Measuring Customer Experience and Loyalty: Is there “One True Method”?

In this blog post, our Chief Methodologist introduces the prevailing methods for measuring the customer experience and loyalty for services, including SERVQUAL, the Customer Satisfaction Index (CSI), the Net Promoter Score, and a relatively new approach, the Wallet Allocation Rule.

Rockbridge helps many of its clients improve customer satisfaction and loyalty by providing continuous tracking of the customer experience. When we first consult with these clients, they usually ask what measurement approach we use and how it compares to those used by others in our industry. Their interest makes it useful to provide a review of the prevailing methods used in the services sector (which includes large and small businesses and associations). I will discuss Rockbridge’s approach, with the caveat that we are not zealots for a single method.

The number of customer experience and loyalty methods nearly equals the number of consultants offering them, but a survey of the literature and best practices would reveal three prevailing approaches for quantifying the customer experience and loyalty – SERVQUAL, the Customer Satisfaction Index (CSI), and the Net Promoter Score (NPS). Other methodologies bear strong similarities to one of these three keystone methodologies. I will review these, and also talk about a relatively new approach, the Wallet Allocation Rule.Comparison-of-Satisfaction-Measurements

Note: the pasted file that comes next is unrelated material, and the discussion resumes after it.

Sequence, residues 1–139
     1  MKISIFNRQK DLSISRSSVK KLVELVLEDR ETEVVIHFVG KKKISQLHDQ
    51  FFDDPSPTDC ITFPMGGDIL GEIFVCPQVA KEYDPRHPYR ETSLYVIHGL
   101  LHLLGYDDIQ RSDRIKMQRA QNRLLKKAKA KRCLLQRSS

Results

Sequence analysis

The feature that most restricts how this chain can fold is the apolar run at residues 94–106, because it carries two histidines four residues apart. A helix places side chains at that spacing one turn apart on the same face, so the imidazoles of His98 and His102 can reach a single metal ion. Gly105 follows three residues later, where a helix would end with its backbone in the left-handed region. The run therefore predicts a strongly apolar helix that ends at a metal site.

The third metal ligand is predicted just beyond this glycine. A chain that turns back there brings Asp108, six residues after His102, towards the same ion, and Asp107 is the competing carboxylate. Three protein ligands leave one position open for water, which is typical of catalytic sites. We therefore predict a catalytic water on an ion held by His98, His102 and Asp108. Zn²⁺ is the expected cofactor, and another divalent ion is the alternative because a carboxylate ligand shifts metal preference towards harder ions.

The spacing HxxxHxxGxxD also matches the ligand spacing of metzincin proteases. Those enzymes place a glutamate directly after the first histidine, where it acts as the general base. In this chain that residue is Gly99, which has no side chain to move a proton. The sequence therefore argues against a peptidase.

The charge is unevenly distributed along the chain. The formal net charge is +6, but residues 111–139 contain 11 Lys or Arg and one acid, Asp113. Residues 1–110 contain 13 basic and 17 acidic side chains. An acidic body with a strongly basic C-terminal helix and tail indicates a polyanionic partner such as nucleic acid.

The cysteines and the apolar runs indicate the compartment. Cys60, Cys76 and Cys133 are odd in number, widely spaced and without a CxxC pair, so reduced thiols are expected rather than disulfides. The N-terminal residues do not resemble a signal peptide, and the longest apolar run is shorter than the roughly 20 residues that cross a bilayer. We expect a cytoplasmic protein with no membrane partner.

SERVQUAL – This methodology was developed by Parasuraman, Zeithaml and Berry as a way of quantifying the quality of a service, as opposed to a tangible product. This measurement approach gathers perceptions of performance and expectation on a range of dimensions that define the customer experience. The classic SERVQUAL approach includes rating attributes around the themes of reliability, responsiveness, assurance, empathy and tangibles. For each attribute, customers provide ratings of (a) how well a provider performs, and (b) the level of performance that is expected. For example, a customer might rate an attribute such as “employees care about your needs” a 5 on a 10 point scale, but consider 8 to be “excellent”, leaving a 3 point gap that the provider should strive to close.